I posted several stories here about Saudi TV host Rania Al-Baz when she was first beaten by her husband. (The treatment of women under Islamic law parallels the treatment of dhimmis.) Now MEMRI has a follow-up report that is quite illuminating of the peculiar blend of religious piety and violent cruelty that accompanies beatings like these — as one might expect from the Qur’an’s Sura 4:34:
Ranya Al-Baz, a Saudi TV host of a women’s issues talk show, was severely beaten by her husband, Muhammad Bakr Yunis. On April 4, 2004, Yunis left her in a hospital in a state of unconsciousness. The story received extensive media coverage in the Arab world, and the abusive husband was arrested. He was first accused of attempting to kill his wife, but the charges were subsequently reduced to the use of severe violence. Yunis was sentenced to six months imprisonment and 300 lashes.
However, Ranya decided to pardon her husband — a measure allowed by Saudi law. Yunis was spared the lashes and was released in early July after three months imprisonment.
On April 29, with bruises still on her face, Ranya gave a rare televised interview to journalist Mahmoud Sa’d of the Saudi TV station MBC.
Yunis: ‘Prophet Muhammad Forbade Beating a Wife on Her Face. But at the Same Time, One May Beat a Wife as Punishment’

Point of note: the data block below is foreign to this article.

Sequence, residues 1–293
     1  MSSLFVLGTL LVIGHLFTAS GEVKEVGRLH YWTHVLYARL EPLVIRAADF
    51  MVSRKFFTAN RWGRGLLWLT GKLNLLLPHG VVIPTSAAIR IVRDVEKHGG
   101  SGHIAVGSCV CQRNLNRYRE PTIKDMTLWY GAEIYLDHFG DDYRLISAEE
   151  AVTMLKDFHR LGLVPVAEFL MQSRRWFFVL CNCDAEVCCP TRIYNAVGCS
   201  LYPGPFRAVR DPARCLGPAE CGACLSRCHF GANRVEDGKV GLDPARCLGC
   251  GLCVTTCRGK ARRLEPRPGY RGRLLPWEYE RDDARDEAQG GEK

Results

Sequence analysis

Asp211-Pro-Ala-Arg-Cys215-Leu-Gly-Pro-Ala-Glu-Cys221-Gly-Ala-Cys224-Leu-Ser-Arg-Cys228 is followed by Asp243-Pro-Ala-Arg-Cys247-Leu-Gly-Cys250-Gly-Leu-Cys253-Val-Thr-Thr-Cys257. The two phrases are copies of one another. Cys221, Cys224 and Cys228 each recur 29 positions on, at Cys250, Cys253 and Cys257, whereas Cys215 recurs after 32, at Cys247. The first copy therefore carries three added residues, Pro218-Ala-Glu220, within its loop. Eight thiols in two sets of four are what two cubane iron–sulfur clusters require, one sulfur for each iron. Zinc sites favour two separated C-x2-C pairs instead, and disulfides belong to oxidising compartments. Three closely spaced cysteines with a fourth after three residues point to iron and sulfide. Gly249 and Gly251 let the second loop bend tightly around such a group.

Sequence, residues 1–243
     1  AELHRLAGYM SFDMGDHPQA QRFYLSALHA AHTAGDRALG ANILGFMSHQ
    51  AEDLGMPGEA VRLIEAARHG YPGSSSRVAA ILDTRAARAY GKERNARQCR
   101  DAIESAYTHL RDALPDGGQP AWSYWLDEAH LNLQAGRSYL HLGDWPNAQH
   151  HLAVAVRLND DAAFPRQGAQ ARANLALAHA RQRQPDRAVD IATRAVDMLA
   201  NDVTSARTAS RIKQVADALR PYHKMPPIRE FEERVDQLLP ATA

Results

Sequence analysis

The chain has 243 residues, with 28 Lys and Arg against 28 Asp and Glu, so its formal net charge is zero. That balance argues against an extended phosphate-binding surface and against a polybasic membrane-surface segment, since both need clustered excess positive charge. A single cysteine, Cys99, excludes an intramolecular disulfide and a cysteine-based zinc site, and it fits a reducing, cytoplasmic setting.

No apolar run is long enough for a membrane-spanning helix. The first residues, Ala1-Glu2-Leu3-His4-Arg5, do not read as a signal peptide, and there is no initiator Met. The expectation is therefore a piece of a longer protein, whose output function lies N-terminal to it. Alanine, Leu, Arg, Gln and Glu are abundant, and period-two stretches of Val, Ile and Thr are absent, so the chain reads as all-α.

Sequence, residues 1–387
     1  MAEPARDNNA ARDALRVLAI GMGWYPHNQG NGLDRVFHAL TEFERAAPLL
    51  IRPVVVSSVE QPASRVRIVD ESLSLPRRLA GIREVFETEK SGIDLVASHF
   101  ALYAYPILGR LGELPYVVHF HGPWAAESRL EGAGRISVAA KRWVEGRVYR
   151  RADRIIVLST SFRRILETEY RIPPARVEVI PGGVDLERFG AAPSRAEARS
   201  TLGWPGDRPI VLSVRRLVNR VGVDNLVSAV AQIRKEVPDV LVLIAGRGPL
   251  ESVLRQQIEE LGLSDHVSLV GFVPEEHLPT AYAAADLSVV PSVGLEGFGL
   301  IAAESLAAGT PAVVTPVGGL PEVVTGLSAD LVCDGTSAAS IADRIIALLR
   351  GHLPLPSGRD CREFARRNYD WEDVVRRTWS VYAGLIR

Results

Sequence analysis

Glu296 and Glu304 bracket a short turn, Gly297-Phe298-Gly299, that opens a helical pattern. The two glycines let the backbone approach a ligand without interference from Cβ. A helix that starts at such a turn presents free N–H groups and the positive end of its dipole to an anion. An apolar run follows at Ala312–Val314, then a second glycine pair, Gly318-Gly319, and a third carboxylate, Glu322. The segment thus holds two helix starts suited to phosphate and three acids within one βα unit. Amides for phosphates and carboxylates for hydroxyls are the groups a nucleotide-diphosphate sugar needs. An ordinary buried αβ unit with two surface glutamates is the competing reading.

On August 1, almost a month after his release, the abusive husband was also interviewed on the same show. In the interview, Yunis was shown excerpts from his wife’s April interview and was asked to comment. He said he regretted the physical damage he caused his wife, but he justified the beating itself with religious reasons. He said that Islam forbids beating a woman on her face, but allows beating as a means of punishment.
To view or download broadcast-quality excerpts from the interviews with both the battered wife and abusive husband, see clip no. 184 on http://memritv.org/archives.asp?ACT=S9&P1=184.
MEMRI also includes some teachings from imams on wife-beatings:
Recently, Syrian TV aired a lecture by Sheik Abd Al-Hamid Al-Muhajir who asked rhetorically: “[In the case of] a wife who endangers her husband and her own life, what’s better, that she gets slapped or that she ruins her family, herself, and society?”…
Egyptian Sheik Muhammad Al-Massir of Al-Azhar University also explained the circumstances in which a husband is allowed to beat his wife. If a woman is disobedient, he explained on the Saudi-based channel Iqra TV, ” a woman for whom marital life is important suffers when she is left alone in the bed. If we get to a point where abandonment [in bed] does not pain her and words do not deter her, we may have come to the stage of beatings.”
This explanation is based strictly upon Qur’an 4:34: “Men are in charge of women, because Allah hath made the one of them to excel the other, and because they spend of their property (for the support of women). So good women are the obedient, guarding in secret that which Allah hath guarded. As for those from whom ye fear rebellion, admonish them and banish them to beds apart, and scourge them.”